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Loss of CIC promotes mitotic dysregulation and chromosome segregation defects

Chittaranjan, Suganthi and Song, Jungeun and Chan, Susanna Y. and Lee, Stephen Dongsoo and Tanveer Ahmad, Shiekh and Brothers, William and Corbett, Richard D. and Gagliardi, Alessia and Lum, Amy and Moradian, Annie and Pleasance, Stephen and Coope, Robin and Cairncross, J. Gregory and Yip, Stephen and Laks, Emma and Aparicio, Samuel A. J. R. and Chan, Jennifer A. and Hughes, Chistopher S. and Morin, Gregg B. and LeBlanc, Veronique G. and Marra, Marco A. (2019) Loss of CIC promotes mitotic dysregulation and chromosome segregation defects. . (Unpublished) http://resolver.caltech.edu/CaltechAUTHORS:20190130-162009811

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Abstract

Background: CIC is a transcriptional repressor inactivated by loss-of-function mutations in several cancer types, including gliomas, lung cancers, and gastric adenocarcinomas. CIC alterations and/or loss of CIC activity have been associated with poorer outcomes and more aggressive phenotypes across cancer types, which is consistent with the notion that CIC functions as a tumour suppressor across a wide range of contexts. Results: Using mammalian cells lacking functional CIC, we found that CIC deficiency was associated with chromosome segregation (CS) defects, resulting in chromosomal instability and aneuploidy. These CS defects were associated with transcriptional dysregulation of spindle assembly checkpoint and cell cycle regulators. We also identified novel CIC interacting proteins, including core members of the SWI/SNF complex, and showed that they cooperatively regulated the expression of genes involved in cell cycle regulation. Finally, we showed that loss of CIC and ARID1A cooperatively increased CS defects and reduced cell viability. Conclusions: Our study ascribes a novel role to CIC as an important regulator of the cell cycle and demonstrates that loss of CIC can lead to chromosomal instability and aneuploidy in human and murine cells through defects in CS, providing insight into the underlying mechanisms of CIC's increasingly apparent role as a "pan-cancer" tumour suppressor.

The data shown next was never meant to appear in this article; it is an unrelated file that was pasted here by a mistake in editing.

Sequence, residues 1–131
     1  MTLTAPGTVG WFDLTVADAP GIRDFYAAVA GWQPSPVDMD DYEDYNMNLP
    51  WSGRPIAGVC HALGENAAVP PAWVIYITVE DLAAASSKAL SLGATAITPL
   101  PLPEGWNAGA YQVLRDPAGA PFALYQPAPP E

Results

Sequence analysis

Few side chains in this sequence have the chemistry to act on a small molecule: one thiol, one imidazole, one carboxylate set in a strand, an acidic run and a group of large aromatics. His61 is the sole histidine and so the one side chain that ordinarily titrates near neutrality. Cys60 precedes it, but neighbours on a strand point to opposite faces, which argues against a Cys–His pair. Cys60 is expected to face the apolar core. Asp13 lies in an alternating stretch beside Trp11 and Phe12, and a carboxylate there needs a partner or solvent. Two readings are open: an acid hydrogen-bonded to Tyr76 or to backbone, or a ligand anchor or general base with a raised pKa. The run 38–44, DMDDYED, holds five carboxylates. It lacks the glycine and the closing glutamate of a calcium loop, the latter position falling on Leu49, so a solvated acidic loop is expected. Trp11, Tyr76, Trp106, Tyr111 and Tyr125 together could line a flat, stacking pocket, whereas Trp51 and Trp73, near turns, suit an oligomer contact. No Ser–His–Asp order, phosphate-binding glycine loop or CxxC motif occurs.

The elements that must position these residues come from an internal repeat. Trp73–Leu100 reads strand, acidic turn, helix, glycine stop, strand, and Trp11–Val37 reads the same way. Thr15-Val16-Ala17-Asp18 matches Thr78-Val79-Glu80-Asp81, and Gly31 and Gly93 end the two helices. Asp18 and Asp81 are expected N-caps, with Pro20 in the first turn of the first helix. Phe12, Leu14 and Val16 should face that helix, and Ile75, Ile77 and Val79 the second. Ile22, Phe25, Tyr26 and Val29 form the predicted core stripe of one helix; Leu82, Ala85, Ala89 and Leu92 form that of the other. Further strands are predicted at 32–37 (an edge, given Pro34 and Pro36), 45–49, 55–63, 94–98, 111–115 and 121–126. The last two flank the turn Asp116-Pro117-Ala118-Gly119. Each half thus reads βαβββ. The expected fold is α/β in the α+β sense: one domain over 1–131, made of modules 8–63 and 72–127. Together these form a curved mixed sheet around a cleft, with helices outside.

Item Type:Report or Paper (Discussion Paper)
Related URLs:
URLURL TypeDescription
https://doi.org/10.1101/533323DOIDiscussion Paper
https://www.biorxiv.org/content/10.1101/533323v1.supplementary-materialPublisherSupporting Information
ORCID:
AuthorORCID
Moradian, Annie0000-0002-0407-2031